BlackRock to advise Zelensky on investments aimed to rebuild Ukraine

Ukrainian President Volodymyr Zelensky and BlackRock CEO Larry Fink agreed to coordinate investments geared toward rebuilding Ukraine, an announcement from Zelensky’s office published Wednesday said following a call between the two parties.

The readout of the call comes after Fink and Zelensky held a meeting earlier this year to discuss a project that involves BlackRock's Financial Markets Advisory group guiding the Ukrainian government in allocating reconstruction funds and creating opportunities to drive further investment.

“Volodymyr Zelensky and Larry Fink agreed to focus in the near term on coordinating the efforts of all potential investors and participants in the reconstruction of our country, channeling investment into the most relevant and impactful sectors of the Ukrainian economy,” the Ukrainian government said in its Wednesday statement.

In November, Ukraine’s economic ministry signed a memorandum of understanding with BlackRock that indicated the money manager will help the country establish a “roadmap for the investment framework’s implementation, including identifying design choices for the envisioned setup, structure, mandate and governance.”

The pact intends to create opportunities for both public and private investors to participate in the future reconstruction and recovery of the Ukrainian economy, according to BlackRock’s announcement of the agreement last month.

A BlackRock spokesperson told Yahoo Finance the call between BlackRock and President Zelensky this week continues work already underway under the existing MOU.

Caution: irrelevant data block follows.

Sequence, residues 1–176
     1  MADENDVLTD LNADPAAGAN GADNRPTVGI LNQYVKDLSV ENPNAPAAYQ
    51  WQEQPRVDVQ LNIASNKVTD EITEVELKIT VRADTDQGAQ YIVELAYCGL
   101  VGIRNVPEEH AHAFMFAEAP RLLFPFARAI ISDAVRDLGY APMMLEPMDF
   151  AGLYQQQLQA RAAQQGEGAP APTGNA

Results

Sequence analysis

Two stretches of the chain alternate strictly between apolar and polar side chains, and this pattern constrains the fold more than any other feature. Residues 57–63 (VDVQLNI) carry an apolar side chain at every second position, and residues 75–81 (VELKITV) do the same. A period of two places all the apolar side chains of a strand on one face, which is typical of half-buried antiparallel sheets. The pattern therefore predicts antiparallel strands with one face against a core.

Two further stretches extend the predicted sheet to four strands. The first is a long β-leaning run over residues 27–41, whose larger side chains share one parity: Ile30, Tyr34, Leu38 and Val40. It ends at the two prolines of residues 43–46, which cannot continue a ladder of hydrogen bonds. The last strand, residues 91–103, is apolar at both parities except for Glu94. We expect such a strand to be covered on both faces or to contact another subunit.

Zelensky met with U.S. President Joe Biden in Washington, D.C., last week and delivered an address to Congress about the toll of Russia’s war in the country. The U.S. House of Representatives approved a $45 billion aid package for Ukraine on Friday as part of a $1.7 trillion spending bill that passed mostly along party lines.

Russia's war in Ukraine has stretched on for nearly a year. Zelensky has recently been promoting a peace plan aiming to end the war that has been dismissed by Moscow. As of November, the Kyiv School of Economics estimated damages to Ukrainian infrastructure from the war at approximately $136 billion.

BlackRock's move into world affairs come as the firm faces increasing criticism in the U.S. from Republicans, who have been scrutinizing Fink over what the party sees as him pushing an environmental, social, and governance agenda. Last month, Florida, led by Republican Gov. Ron DeSantis, said it would redeem $2 billion worth of state assets managed by BlackRock over its ESG investing.

Criticism has also come from others in the investment sphere. Activist investor Bluebell Capital Partners also in November urged BlackRock’s board to oust Fink over alleged hypocrisy on its ESG stance.

Bluebell argued that it was not BlackRock’s role is “to direct the public debate on climate and energy policies or to impose ideological beliefs on the corporate world.”

Alexandra Semenova is a reporter for Yahoo Finance. Follow her on Twitter @alexandraandnyc

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